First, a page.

Recipes

Grandma Hutchinson’s Polish Pierogies


We have a guest today! Emily Fagan of thiswifestyle.com was kind enough to share her Grandma Hutchinson’s Polish Pierogie recipe with us – We can’t wait to try it! Check out the recipe, as well as a little information about Emily, her blog and her Grandma below!

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Hello! My name is Emily Fagan and I am the writer of the blog This Wifestyle. I am so honored to be sharing a recipe today from my Grandma Hutchinson’s food splattered recipe book. Something I love about this blog is that stories and principles from our grandparents’ time are cherished and shared with the world! Today I am going to let you in on part of my family, and share one of my grandma’s recipes.

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Heritage is a part of every family. Where do we come from? What is our story? I remember being around 7 years old when my Grandma Hutchinson started sharing her heritage. She proudly told me that she was 100% Polish and that her family came to the United States in the early 1900s. Both her parents could speak Polish and it was a HUGE deal (and disappointment to my great grandparents) that she married a man who was NOT Polish. Nevertheless, she has made sure to pass down some parts of her heritage to my mother, and to me.

Pierogies has been a part of my life for as long as I can remember. Whenever we would visit my grandparents for a holiday, pierogies were always at the dining table. Over the years, I have been able to help my Grandma Hutchinson make pierogies and she would always talk about how this dish was a part of her upbringing as well. Her mother would also make pierogies on holidays to share with the family (pierogies are very labor intensive, so they are not the easiest dish to serve every night with dinner).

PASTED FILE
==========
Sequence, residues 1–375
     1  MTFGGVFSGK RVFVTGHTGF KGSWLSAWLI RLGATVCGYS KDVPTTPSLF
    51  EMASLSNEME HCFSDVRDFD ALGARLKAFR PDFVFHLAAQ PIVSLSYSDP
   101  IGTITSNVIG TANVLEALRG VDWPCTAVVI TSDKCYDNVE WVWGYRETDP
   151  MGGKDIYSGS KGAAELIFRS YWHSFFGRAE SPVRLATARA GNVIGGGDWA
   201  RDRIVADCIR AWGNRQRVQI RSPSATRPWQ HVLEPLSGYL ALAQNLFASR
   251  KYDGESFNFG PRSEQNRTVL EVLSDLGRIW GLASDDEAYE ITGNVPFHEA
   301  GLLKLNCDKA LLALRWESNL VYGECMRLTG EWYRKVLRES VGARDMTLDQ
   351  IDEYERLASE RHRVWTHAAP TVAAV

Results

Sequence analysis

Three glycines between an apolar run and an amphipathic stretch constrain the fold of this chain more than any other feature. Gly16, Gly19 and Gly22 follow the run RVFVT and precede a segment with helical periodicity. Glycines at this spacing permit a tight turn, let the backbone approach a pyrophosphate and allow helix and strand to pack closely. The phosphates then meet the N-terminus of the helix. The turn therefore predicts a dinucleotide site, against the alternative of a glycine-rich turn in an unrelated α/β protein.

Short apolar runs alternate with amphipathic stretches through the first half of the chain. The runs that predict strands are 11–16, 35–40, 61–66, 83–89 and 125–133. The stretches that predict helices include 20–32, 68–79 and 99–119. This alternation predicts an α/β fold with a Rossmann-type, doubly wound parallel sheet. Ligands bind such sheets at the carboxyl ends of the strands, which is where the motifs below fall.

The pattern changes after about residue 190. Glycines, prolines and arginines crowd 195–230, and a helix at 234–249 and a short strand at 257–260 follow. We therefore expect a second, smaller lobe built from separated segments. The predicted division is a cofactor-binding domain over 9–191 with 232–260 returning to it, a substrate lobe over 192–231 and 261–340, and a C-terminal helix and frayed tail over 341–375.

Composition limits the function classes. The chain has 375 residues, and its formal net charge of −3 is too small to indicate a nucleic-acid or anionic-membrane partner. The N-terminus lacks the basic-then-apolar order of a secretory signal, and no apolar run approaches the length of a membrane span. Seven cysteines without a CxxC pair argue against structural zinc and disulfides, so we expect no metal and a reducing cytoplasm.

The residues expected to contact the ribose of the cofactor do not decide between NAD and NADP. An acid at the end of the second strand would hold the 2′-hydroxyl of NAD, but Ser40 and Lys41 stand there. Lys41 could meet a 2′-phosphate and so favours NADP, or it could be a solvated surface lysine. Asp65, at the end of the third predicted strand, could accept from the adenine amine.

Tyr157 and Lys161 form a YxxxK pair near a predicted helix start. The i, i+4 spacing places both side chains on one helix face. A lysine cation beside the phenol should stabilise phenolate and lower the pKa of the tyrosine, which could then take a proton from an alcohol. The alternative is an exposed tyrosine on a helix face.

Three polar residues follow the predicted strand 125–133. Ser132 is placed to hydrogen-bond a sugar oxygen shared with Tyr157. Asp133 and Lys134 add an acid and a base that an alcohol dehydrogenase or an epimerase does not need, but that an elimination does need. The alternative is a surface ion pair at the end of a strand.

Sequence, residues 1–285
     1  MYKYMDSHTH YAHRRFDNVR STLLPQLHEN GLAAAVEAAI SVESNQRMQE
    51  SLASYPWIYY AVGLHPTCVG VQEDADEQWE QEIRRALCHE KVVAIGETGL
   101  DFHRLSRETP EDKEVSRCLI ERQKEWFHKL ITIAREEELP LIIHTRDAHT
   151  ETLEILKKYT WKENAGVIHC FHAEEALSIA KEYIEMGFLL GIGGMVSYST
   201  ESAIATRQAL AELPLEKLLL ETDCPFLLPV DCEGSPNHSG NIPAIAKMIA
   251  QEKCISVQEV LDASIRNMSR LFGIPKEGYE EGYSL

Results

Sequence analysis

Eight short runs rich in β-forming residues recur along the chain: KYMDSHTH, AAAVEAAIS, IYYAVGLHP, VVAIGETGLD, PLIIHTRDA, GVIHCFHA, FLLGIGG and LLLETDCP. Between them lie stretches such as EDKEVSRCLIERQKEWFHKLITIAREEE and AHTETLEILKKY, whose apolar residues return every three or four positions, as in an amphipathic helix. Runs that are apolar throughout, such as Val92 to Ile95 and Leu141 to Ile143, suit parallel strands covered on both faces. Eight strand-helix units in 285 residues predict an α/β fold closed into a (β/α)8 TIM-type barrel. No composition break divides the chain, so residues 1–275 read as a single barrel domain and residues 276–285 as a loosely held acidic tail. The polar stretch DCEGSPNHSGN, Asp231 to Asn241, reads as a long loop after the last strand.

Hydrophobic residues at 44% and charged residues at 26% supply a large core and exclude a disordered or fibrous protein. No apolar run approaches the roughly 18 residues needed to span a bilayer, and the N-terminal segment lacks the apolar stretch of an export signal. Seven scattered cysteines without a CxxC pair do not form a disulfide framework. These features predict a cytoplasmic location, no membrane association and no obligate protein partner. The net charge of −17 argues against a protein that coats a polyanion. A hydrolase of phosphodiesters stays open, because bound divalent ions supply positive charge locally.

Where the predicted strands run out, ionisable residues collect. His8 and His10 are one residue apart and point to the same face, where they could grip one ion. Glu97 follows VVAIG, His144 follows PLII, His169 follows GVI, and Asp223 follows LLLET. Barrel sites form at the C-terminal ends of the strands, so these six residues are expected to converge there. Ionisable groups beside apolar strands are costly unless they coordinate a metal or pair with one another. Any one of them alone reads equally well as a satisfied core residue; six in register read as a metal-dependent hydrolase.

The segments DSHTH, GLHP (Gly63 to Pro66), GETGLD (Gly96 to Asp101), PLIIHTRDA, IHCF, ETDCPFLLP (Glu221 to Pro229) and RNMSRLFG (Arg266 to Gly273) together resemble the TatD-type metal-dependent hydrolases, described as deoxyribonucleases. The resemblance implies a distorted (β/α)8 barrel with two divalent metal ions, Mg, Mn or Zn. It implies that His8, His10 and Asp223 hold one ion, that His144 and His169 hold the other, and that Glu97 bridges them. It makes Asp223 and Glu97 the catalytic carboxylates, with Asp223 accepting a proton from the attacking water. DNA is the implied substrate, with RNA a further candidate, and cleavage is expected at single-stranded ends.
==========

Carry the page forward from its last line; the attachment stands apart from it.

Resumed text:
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According to the Culinary Arts Institute’s Adventures in Cooking series, Polish food is liked because it is hospitable. And although it has traces of German and Russian characteristics, it is something entirely of it’s own due to this hospitality.[1] The Polish people make a big deal of Christmas Eve and serve a huge feast on this day. It is customary that a seat is left empty at the table for any guests that may choose to arrive (even if none are expected). [2] Finally, Polish food is heavily influenced by natural resources in Poland. Smoked sausage is common due to the abundance of juniper wood, sour cream is a staple because of the successful dairy industry, and cabbage frequents the dinner table due to plentiful crops.[3]Growing up, I was not aware of all of this. I DID know that my Grandma Hutchinson loved making pierogies because of her Polish heritage and as a result, I developed a connection with pierogies and plan on sharing this part of my heritage with my own children one day. I believe we are entering into a time when families are losing sight of where they came from. I cling to my heritage because I think it’s important to know where I come from. I hope you enjoy my grandma’s recipe!